Sun, Apr 06, 2003 - Page 1 News List

Battle to capture Iraqi capital begins

STREET FIGHTING While the Iraqi information minister claimed `everything is OK,' US military spokesmen said a large number of troops were moving into the city


An Iraqi tank rolls through Baghdad yesterday, heading toward US forces on the outskirts of the city.


US troops staged a foray into Baghdad for the first time yesterday, taking the 17-day-old war to topple Iraqi President Saddam Hussein right into his battered capital.

In a message read on television by one of his ministers, the Iraqi president urged his armed forces and people to step up attacks on the US and British invasion forces.

"The criminals will be humiliated," the message said. "To hurt the enemy more, raise the level of your attacks."

Iraq denied any US forces were in Baghdad and said its troops had driven the Americans from the international airport -- a claim that a US military spokesman said was groundless.

US military sources said at least 20 Abrams tanks and 10 Bradley fighting vehicles had rumbled up a southern highway through Baghdad's Dawra suburb before swinging west and linking up with troops at the airport southwest of the city center.

A correspondent who drove freely around the sprawling city of 5 million later in the day saw no sign of US forces.

US Major-General Victor Renuart said the incursion had been a "clear statement of the ability of the coalition forces to move into Baghdad at times and places of their choosing."

He told a news conference in Qatar such operations would continue, adding: "This fight is far from over."

Information Minister Mohammed Saeed al-Sahaf, reading a message he said was from Saddam, said invasion forces were concentrating on Baghdad, but weakening elsewhere in Iraq.

"Everything is OK," he said, listing what he said were a series of Iraqi successes.

Iraqi television showed footage on Friday of a smiling Saddam touring Baghdad streets, greeting admirers as smoke rose in the distance. It was not clear exactly when the footage was shot.

Snapshot over the war

* US says troops can move into Baghdad freely; Iraq says ``everything okay'' in capital

* Witness says no US troops visible in central, southern Baghdad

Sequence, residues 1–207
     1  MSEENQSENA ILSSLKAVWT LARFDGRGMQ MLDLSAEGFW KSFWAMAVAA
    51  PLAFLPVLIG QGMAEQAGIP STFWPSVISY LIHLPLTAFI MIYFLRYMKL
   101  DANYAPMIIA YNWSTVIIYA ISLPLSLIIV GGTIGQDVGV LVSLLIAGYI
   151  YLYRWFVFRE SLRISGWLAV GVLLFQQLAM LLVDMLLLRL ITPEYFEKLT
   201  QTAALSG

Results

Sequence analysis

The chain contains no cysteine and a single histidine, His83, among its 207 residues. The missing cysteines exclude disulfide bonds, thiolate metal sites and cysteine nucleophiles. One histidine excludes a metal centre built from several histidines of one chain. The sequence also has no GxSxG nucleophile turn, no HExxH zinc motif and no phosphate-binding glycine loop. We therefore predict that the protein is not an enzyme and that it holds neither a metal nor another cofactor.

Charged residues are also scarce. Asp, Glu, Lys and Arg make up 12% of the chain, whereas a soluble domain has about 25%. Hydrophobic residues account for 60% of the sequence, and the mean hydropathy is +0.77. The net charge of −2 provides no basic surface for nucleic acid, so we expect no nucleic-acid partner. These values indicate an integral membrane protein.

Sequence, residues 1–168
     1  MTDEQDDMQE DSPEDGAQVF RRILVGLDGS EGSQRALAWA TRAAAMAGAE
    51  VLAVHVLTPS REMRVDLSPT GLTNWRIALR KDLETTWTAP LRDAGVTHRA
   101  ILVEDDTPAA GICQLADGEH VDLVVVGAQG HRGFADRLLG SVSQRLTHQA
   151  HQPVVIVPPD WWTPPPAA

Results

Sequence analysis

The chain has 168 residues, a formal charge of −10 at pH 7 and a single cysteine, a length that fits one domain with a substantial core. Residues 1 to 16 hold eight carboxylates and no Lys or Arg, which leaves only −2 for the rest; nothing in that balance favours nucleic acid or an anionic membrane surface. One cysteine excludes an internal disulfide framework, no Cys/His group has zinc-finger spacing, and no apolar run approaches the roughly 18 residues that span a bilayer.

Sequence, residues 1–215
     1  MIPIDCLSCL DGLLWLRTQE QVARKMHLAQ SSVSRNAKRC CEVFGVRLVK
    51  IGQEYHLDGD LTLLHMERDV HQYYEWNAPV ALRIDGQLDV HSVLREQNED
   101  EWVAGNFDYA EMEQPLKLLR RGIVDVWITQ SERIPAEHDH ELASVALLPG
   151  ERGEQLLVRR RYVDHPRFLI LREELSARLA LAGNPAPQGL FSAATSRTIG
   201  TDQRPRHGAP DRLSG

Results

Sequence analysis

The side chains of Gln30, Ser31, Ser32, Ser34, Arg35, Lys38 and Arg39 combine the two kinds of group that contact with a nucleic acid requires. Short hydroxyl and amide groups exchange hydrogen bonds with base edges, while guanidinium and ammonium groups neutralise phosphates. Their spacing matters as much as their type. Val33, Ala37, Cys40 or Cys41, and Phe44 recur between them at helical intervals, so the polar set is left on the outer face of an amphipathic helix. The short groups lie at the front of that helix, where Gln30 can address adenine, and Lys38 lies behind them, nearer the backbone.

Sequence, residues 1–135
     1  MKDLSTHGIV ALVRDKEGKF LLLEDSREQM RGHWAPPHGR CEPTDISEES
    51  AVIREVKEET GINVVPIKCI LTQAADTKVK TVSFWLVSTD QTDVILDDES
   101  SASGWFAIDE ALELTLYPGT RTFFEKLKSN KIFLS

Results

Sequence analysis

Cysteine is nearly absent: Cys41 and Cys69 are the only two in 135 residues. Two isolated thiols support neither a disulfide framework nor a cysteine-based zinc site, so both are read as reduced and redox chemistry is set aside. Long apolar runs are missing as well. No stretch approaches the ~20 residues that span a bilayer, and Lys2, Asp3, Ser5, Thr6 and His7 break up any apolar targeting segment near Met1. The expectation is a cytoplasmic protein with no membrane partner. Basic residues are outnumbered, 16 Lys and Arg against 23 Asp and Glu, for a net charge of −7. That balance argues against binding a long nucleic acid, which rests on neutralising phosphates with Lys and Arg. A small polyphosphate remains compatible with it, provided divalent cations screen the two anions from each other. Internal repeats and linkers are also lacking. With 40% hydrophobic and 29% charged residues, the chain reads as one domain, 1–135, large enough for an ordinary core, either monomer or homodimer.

* US Marine says suicide bomber attacks US troops at Baghdad airport, US general at Central Command says not aware of the attack

* Iraq says it has retaken airport killing ``hundreds'' of US troops; US says Iraqi claims ``groundless,'' says at least one runway functioning soon

Source: Reuters

Renuart said he did not know if the man shown was Saddam and described the question as irrelevant.

"The objective is to end the regime in Iraq and we'll continue with that," he said.

As US units operated in Baghdad, other troops protected their rear with a ground and air assault on the Shiite Muslim shrine city of Kerbala, 110km to the southwest.

In the north, US forces moved from Kurdish-held territory toward Iraqi lines defending the oil city of Mosul, after a day of US air strikes on the area, a witness said.

The US foray into Baghdad met resistance described by one spokesman as sporadic.

"There were firefights, but if you're one of those folks who were involved in that firefight on the ground, it was pretty intense," Captain Frank Thorp said.

Four US soldiers were wounded, one of them shot in the head, and an Iraqi general was captured, US sources said.

Rocket-propelled grenades damaged one US tank. A second had to be abandoned in Baghdad because of mechanical failure.

US forces called in air support to attack Iraqi tanks on the northern edge of the airport, military sources said.

The Americans said they had won control of the airport, 20km from the city center, on Friday. They say they hold the runway, but not all outlying areas.

An Iraqi military spokesman said hundreds of US troops had been killed in the airport fighting.

A US Marine gunnery sergeant said yesterday his unit had been told there had been a suicide bombing at the airport.

"The last order we just got said there was another suicide bombing at the airport, so be especially vigilant at roadblocks," Mark Woodward said.

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